Cop confusion

Being a uniformed policemen requires few conventional job skills. You certainly don’t require qualifications or experience; the main thing you need is a limited degree of physical fitness.

Given the meagre entrance requirements, policemen are paid notably more than their talents would earn them in any alternative job open to people with the same level of qualification and experience, such as toilet cleaner or roadsweeper. Presumably the reason for this is that policemen are at a moderately greater risk of personal violence than a toilet cleaner or roadsweeper.

If we were morally coherent, then, we’d view a policeman who was shot as no more heroic than a labourer who died in an industrial accident: both people died doing moderately dangerous jobs, because they were willing to trade increased personal risk for slightly higher pay than the minimum wage. The most notable difference between the two situations is that what builders do is unequivocally useful.

So why do we regard people who assault or kill cops as *worse* than people who assualt and kill members of the public?

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6 thoughts on “Cop confusion

  1. Rather harsh, no? Policemen have to know quite a lot, especially about the law; perhaps not the technical side but at least working practices, which is more important anyway. True, you don’t need a uni qualification to join the police but, if you have one, you can be fast-tracked to a promotion, something you wouldn’t get as a toilet cleaner. Maybe qualifications aren’t so important simply because there isn’t much you can do that would be relevant to joining the police. As you said, it needs "few conventional job skills" though I disagree that being fit is the only requirement. Imagine if all our police recruits had to come from a relevant background and experience; they’d be all ex-army types. Fun.
    Anyway. The (on average) nine-month selection procedure should indicate that they’re looking for more than just the ability to run around without breaking a sweat. And the thirteen weeks of police training followed by two years probation as an officer translates into quite a lot of experience in itself.
    I don’t think that we view criminals who kill police officers as somehow ‘worse’ than those that kill civilians. I certainly don’t. But I think we can identify with the tragedy of someone losing his life because of his job. Police officers know the risks and, as members of the public who prefer not to take those risks even for ‘slighter higher pay’, we respect that and are sorry that they were killed in their official capacity. On a personal level, it’s someone getting killed and thus the murder like other murders.

  2. For the same reason that lying in court is considered far more serious than lying in public.

    We rely on the institutions of the law to protect us from anarchy, so any attempt at interfering with their function, from telling porkies to assaulting or killing police officers, is seen as being a rather bigger deal than the physical act would normally imply, because there’s a symbolic importance that you don’t get with a straightforward mugging.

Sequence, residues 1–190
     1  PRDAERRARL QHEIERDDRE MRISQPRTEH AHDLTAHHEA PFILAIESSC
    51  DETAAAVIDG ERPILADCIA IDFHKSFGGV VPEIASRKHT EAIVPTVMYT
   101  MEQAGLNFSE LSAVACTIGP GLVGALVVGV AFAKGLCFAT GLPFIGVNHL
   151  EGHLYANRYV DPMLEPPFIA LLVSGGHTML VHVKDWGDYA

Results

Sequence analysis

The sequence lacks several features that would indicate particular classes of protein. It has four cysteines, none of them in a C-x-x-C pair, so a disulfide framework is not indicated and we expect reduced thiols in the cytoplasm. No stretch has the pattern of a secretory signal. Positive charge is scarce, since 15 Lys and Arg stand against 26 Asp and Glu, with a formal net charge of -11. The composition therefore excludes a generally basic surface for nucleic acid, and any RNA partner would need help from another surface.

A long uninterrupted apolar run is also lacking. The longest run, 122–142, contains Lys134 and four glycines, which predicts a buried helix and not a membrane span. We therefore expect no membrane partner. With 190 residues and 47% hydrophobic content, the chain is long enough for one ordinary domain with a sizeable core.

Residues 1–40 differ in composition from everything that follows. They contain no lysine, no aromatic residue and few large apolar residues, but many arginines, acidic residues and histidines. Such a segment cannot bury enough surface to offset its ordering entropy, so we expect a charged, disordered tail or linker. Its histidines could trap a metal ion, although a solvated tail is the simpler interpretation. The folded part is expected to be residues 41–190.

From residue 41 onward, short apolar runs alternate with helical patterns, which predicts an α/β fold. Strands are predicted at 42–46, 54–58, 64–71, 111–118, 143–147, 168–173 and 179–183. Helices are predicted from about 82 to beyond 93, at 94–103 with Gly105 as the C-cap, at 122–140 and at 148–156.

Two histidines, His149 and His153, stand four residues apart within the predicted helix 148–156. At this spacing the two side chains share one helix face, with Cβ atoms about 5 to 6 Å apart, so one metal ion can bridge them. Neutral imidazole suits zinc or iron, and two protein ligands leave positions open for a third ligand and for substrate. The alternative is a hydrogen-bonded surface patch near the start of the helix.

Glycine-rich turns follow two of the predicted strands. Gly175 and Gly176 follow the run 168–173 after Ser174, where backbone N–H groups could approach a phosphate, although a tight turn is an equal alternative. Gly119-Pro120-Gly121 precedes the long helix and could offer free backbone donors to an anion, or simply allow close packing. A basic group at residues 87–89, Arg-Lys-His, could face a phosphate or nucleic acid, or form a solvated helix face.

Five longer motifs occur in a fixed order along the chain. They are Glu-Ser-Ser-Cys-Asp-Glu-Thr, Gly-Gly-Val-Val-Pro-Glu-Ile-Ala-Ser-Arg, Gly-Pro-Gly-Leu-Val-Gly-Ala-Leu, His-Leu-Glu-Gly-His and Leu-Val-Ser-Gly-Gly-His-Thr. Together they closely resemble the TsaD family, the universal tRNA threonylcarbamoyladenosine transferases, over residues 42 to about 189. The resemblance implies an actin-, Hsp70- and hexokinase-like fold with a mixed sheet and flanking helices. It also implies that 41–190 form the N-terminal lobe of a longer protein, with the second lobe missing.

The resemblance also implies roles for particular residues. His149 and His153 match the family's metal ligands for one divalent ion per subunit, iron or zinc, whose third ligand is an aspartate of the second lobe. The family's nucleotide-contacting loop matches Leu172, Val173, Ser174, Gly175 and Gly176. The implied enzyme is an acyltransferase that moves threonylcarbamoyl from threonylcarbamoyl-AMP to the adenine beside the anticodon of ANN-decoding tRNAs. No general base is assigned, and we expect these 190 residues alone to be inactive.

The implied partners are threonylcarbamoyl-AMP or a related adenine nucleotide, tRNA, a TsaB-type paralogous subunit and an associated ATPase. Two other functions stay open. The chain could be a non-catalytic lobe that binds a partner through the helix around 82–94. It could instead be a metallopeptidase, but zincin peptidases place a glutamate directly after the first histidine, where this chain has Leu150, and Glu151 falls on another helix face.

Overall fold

3. The post is probably unfair. It was set off by reading some American references to ‘cop killers’ that seemed to imply they’d done a uniquely evil and bad thing compared to other killers, which seemed wrong. And since all my experiences with uniformed police (on- and off-duty) have been negative/neutral, I’m not in any particular mood to give them the benefit of the doubt.

    My constructive thought on the police would be to go for much greater specialisation: effectively, restructure the police around CID, with civilians doing most of the paperwork, crime reference number issuing, and trivial interview work that uniformed officers spend the majority of their time doing. Detectives would continue to do difficult interviews (and specialists with counselling and legal training could do rape and other sensitive interviews). Hire PR people to do community liaison stuff – they might actually be able to get kids to listen…

    The uniformed force could then be cut back to much smaller number of highly trained, intelligent, hardcore non-psychos (I know the supply of such people is limited, which is currently part of the problem), and would only be used on occasions when significant force was required – arresting violent people and intercepting crimes that were actually taking place.

    (BTW, I edited the comment above to sort out italics – hope this is OK…)

  4. Correct comment order is Ista > (Michael and me at about the same time). I have no idea why it’s all gone horribly pear-shaped. If this comment makes no sense, then I’ve fixed the problem.

  5. I just got through reading Bent Coppers by Graeme McLagan which made me hate all police types for a few days, so I get it. I like your PR people-community liaison thing idea. Less walking around looking imposing and more positive action would go a long way.

    And thanks for sorting out the italics thing, I really shouldn’t play with tags I don’t understand.

  6. To me, an American living in New York, I can say that "we" absolutely do view cop-killing as worse than normal person-killing. I’m split as to whether it’s an artifact of the post-9/11 canonization of our (long-reviled) police forces, or whether it’s a mask for still deeply held feelings of hatred for the police.

    But it definitely smells like bullshit to me.

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